In fiber reinforced composites, fiberglass is the "work horse" of the industry. It is used in many applications and is very competitive with traditional materials such as wood, metal, and concrete. Fiberglass products are strong, lightweight, non-conductive, and the raw material costs of fiberglass are very low.
In applications where there is a premium for increased strength, lower weight, or for cosmetics, then other more expensive reinforcing fibers are used in the FRP composite.
Aramid fiber, such as DuPont's Kevlar, is used in application that require the high tensile strength which aramid provides. An example of this is body and vehicle armor, where layers of aramid reinforced composite can stop high powered rifle rounds, do in part to the high tensile strength of the fibers.
Carbon fibers are used where low weight, high stiffness, high conductivity, or where the look of the carbon fiber weave desired. Below are examples of where carbon fiber is commonly used:
Carbon Fiber In Aerospace
Aerospace and space were some of the first industries to adopt carbon fiber. The high modulus of carbon fiber make it suitable structurally to replace alloys such as aluminum and titanium. The weight savings carbon fiber provides is the primary reason carbon fiber has been adopted by the aerospace industry.
Every pound of weight savings can make a serious difference in fuel consumption, which is why Boeing's new 787 Dreamliner has been the best selling passenger plane in history. The majority of this planes structure is carbon fiber reinforced composites.
Recreational sports is another market segment which is more then willing to pay more for higher performance. Tennis rackets, golf clubs, softball bats, hockey sticks, and archery arrows and bows are all products commonly manufactured with carbon fiber reinforced composites.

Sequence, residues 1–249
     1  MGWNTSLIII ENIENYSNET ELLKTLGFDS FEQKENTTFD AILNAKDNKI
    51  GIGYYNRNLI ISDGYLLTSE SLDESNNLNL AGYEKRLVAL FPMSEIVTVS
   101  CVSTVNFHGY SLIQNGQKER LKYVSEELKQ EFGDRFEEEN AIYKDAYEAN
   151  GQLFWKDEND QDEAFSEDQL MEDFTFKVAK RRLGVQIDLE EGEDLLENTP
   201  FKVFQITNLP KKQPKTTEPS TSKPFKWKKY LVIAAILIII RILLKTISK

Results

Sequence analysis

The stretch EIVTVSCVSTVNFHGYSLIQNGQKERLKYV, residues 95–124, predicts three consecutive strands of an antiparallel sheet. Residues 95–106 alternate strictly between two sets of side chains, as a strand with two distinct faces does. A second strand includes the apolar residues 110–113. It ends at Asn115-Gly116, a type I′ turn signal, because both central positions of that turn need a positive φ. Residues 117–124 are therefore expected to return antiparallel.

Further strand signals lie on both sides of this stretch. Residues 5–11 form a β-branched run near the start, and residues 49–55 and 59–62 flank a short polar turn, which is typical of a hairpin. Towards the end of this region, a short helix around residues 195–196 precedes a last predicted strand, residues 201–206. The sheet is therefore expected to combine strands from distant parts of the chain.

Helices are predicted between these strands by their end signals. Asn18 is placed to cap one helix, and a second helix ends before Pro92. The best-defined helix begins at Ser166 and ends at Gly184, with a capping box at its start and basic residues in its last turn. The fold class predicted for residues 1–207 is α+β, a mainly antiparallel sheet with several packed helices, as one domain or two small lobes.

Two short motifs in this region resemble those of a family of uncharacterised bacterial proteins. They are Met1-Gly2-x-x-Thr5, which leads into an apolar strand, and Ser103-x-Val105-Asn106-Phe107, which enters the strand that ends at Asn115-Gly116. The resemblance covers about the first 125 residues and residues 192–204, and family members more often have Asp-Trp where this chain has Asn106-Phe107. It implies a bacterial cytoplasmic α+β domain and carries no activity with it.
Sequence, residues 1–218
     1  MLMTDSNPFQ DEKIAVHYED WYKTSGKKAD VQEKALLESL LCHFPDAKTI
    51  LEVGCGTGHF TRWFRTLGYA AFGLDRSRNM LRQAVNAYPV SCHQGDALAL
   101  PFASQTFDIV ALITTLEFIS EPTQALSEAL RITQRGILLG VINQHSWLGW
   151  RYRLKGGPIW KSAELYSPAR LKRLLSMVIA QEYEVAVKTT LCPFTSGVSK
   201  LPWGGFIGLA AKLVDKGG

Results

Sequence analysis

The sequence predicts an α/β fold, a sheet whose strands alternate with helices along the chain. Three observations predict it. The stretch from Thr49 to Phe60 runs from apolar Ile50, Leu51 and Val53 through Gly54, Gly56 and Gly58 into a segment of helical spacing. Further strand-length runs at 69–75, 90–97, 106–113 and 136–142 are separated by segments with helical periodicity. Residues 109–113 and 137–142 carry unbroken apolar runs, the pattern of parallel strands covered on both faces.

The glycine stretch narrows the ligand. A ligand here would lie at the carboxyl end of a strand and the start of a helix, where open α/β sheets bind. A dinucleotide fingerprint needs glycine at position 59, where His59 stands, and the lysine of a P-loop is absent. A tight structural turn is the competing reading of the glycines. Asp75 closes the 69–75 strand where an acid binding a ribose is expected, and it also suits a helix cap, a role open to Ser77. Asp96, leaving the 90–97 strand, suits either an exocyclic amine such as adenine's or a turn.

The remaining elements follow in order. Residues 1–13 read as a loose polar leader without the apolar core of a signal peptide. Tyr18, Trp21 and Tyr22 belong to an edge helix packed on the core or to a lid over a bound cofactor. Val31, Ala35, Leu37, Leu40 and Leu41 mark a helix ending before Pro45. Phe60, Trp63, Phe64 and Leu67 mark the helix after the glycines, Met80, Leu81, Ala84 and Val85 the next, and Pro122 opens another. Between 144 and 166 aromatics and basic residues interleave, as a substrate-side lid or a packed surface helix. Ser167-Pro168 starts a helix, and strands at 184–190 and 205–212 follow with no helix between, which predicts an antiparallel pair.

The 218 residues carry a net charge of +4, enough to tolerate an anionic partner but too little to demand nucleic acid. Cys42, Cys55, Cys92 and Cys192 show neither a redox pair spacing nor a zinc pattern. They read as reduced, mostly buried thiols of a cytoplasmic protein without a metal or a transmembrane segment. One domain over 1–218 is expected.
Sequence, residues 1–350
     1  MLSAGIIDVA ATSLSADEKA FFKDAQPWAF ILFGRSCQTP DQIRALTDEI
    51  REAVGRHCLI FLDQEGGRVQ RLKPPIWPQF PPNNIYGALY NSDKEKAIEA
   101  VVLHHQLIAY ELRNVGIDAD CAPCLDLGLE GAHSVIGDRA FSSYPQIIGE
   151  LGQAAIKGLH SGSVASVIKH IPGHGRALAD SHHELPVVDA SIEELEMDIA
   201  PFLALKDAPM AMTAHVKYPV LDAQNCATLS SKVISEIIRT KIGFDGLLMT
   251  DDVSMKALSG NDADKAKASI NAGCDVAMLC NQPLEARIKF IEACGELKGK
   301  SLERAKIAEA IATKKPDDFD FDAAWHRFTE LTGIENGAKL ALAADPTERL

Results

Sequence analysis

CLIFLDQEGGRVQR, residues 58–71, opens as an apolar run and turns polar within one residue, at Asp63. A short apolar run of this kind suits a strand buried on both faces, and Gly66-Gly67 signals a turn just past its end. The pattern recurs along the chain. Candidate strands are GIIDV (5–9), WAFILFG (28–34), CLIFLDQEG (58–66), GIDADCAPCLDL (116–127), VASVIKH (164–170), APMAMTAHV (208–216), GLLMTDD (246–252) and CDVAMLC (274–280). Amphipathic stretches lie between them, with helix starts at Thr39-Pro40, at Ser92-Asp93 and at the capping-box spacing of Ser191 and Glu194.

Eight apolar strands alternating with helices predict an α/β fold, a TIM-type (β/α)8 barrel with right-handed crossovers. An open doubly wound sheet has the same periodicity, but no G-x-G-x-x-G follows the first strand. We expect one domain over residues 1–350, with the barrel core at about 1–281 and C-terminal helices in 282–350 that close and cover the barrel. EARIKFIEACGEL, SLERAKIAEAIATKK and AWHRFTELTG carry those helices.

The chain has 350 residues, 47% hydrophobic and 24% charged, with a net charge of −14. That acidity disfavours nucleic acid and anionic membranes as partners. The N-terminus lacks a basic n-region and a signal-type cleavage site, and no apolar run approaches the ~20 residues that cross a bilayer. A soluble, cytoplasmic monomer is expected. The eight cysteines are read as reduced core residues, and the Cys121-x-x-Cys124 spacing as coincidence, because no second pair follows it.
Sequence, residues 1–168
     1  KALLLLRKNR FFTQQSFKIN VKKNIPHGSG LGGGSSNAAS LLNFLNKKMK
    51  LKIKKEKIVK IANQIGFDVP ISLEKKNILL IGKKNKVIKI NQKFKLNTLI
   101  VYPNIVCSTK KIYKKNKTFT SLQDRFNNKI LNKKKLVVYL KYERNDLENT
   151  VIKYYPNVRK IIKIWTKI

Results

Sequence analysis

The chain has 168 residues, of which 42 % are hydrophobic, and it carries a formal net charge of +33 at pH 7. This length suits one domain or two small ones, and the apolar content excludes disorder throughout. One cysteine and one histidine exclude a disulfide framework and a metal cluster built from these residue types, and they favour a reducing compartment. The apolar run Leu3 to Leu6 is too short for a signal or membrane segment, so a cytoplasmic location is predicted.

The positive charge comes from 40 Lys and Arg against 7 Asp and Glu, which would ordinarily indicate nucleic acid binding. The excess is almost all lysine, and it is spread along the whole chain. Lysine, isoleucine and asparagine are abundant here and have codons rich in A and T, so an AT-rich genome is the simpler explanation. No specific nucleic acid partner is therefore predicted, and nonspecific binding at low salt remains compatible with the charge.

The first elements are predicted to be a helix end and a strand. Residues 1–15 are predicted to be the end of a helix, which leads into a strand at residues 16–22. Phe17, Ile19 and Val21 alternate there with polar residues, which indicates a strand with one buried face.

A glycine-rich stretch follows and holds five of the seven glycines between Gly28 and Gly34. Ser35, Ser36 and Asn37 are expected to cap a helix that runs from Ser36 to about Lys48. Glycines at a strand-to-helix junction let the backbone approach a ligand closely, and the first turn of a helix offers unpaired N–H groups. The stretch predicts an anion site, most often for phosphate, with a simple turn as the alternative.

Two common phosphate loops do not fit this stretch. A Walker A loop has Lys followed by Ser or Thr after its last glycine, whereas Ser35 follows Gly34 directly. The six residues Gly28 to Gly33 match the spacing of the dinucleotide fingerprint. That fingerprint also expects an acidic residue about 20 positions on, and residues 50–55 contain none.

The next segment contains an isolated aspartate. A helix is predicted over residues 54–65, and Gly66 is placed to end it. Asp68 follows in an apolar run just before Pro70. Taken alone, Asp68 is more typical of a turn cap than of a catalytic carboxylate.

Lighter weight equipment without compromising strength, is a distinct advantage in sports. For example, with a lighter weight tennis racket, one can get much faster racket speed, and ultimately, hit the ball harder and faster. Athletes continue to push for an advantage in equipment. This is why serious bicyclists ride all carbon fiber bikes, and use bicycle shoes that use carbon fiber.
Wind Turbine Blades
Although the majority of a wind turbine blade uses fiberglass, on large blades, often over 150 ft in length, these incorporate a spare, which is a stiffening rib that runs the length of the blade. These components are often 100% carbon, and as thick as a few inches at the root of the blade.
Carbon fiber is used to provide the necessary stiffness, without adding a tremendous amount of weight. This is important, because the lighter a wind turbine blade is, the more efficient it is at creating electricity.
Mass produced automobiles are not yet adopting carbon fiber; this is because the increased raw material cost and necessary changes in tooling, still outweighs the benefits. However, Formula 1, NASCAR, and high end cars are using carbon fiber. In many cases, it is not because of the benefits of properties or weight, but because of the look.
There are many aftermarket automotive parts being made out of carbon fiber, and instead of being painted, they are clear-coated. The distinct carbon fiber weave has become a symbol of hi-tech and hi-performance. In fact, it is common to see an after market automotive component that is a single layer of carbon fiber, but has multiple layers of fiberglass below to lower costs. This would be an example where the look of the carbon fiber is actually the deciding factor.
Although these are some of the common uses of carbon fiber, many new applications are seen almost daily. The growth of carbon fiber is fast, and in just 5 years, I imagine this list will be much longer.